When you’re trying to get disability benefits from Social Security, there’s a lot of terms and jargon that can be very confusing. But tops on the list of things that confound clients is the difference between the terms “re-apply” and “appeal.”
If your application for benefits is denied and you start over from scratch by filing a whole new application, you are re-applying. If you ask the Social Security Administration to reconsider the decision they made, that’s an appeal. Sound simple? It can be, provided you use the right language, submit the correct forms and meet the right deadlines. Just became a little more difficult, didn’t it?
There can be several appeals of the same claim (and all appeals have a 60-day deadline). Often when we ask clients if they’ve applied before, they say, “Oh yes, this is the third time,” when they actually mean it’s their second appeal. Understanding key differences between applications and appeals has a huge impact on how your claim proceeds.
When an initial application for benefits is denied, the claimant (that’s YOU) has 60 days to request a “reconsideration,” which is the name for the first appeal. If you wait longer than that, you must provide a valid reason why you missed the deadline. If Social Security has your correct address on file, then simply saying you didn’t receive your denial letter won’t be considered a good excuse. Examples of circumstances that may warrant accepting a late appeal include a hospitalization or incorrect address. If SSA accepts your reason, that’s called “good cause.” But remember that SSA has the final say on what they consider good cause. It’s the same if your reconsideration is denied, and if you want to appeal that by requesting a hearing.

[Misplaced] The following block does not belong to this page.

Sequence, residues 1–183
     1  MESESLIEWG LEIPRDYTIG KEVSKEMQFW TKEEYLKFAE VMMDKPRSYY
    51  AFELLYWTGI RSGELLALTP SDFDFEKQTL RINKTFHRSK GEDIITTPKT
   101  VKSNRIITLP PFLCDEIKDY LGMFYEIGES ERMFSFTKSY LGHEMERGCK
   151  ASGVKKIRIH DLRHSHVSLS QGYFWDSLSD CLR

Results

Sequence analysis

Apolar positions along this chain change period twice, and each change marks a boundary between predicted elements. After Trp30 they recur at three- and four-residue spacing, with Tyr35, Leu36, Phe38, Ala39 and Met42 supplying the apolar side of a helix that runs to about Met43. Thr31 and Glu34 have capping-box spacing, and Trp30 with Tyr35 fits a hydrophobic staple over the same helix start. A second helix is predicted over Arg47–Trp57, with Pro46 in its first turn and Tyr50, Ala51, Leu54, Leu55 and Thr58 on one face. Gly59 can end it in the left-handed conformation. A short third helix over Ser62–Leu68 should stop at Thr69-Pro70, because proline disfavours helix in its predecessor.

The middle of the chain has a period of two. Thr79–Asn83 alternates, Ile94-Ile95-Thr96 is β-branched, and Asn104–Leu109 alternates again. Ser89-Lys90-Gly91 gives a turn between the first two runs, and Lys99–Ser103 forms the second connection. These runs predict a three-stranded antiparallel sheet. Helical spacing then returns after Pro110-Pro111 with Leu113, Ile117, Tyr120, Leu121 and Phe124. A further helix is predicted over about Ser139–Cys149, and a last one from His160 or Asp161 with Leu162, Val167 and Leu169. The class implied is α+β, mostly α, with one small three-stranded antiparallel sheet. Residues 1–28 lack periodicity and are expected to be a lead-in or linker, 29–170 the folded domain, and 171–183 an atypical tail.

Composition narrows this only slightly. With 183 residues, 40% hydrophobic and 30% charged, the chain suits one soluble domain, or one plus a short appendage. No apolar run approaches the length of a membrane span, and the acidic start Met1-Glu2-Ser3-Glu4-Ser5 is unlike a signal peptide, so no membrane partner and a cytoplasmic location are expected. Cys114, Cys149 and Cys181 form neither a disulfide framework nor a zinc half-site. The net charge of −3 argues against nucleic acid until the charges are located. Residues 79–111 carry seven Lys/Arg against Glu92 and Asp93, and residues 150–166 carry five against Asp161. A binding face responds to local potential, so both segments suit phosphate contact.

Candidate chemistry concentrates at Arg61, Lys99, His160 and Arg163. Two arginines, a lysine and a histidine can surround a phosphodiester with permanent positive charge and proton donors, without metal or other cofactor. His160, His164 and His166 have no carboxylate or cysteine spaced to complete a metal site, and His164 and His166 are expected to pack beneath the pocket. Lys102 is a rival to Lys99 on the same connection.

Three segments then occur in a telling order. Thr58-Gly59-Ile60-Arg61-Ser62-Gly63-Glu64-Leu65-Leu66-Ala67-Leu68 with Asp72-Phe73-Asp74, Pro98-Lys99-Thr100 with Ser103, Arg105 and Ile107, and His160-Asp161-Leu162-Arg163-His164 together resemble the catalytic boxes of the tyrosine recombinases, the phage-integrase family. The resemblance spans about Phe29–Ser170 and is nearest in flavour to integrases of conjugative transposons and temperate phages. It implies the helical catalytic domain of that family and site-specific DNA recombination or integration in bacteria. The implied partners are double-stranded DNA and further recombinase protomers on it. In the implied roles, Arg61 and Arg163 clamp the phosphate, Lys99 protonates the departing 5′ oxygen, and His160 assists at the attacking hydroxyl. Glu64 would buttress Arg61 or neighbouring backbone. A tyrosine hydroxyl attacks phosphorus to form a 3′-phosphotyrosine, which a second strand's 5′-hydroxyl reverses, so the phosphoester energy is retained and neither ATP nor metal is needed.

On advantage to hiring a disability attorney before you’re denied is that SSA is supposed to send your rep copies of all correspondence that SSA sends to you. This means that the attorney should have your back and contact you about filing your appeal in a timely fashion, so there is far less chance of you missing this important deadline.
If you miss the deadline and good cause is not accepted, you must file a new application. You also can choose to do this even if you are within the 60 days. But that could mean you lose out on some benefits or not qualify for benefits at all. Whatever you decide, keep in mind that the required forms are different for an initial application and an appeal, so make sure you are using the right ones.
An experienced disability attorney and staff can guide you through this process. If we can be of help, just let us know!